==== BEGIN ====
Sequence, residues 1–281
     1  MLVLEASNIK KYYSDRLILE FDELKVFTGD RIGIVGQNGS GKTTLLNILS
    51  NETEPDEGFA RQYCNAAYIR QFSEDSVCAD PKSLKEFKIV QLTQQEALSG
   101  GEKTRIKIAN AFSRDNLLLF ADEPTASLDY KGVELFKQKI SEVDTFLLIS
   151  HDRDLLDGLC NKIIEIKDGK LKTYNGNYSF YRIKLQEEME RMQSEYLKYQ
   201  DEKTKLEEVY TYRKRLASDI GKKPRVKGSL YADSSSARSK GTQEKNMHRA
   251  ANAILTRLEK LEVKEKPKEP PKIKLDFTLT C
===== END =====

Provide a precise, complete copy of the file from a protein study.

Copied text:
Sequence, residues 1–281
     1  MLVLEASNIK KYYSDRLILE FDELKVFTGD RIGIVGQNGS GKTTLLNILS
    51  NETEPDEGFA RQYCNAAYIR QFSEDSVCAD PKSLKEFKIV QLTQQEALSG
   101  GEKTRIKIAN AFSRDNLLLF ADEPTASLDY KGVELFKQKI SEVDTFLLIS
   151  HDRDLLDGLC NKIIEIKDGK LKTYNGNYSF YRIKLQEEME RMQSEYLKYQ
   201  DEKTKLEEVY TYRKRLASDI GKKPRVKGSL YADSSSARSK GTQEKNMHRA
   251  ANAILTRLEK LEVKEKPKEP PKIKLDFTLT C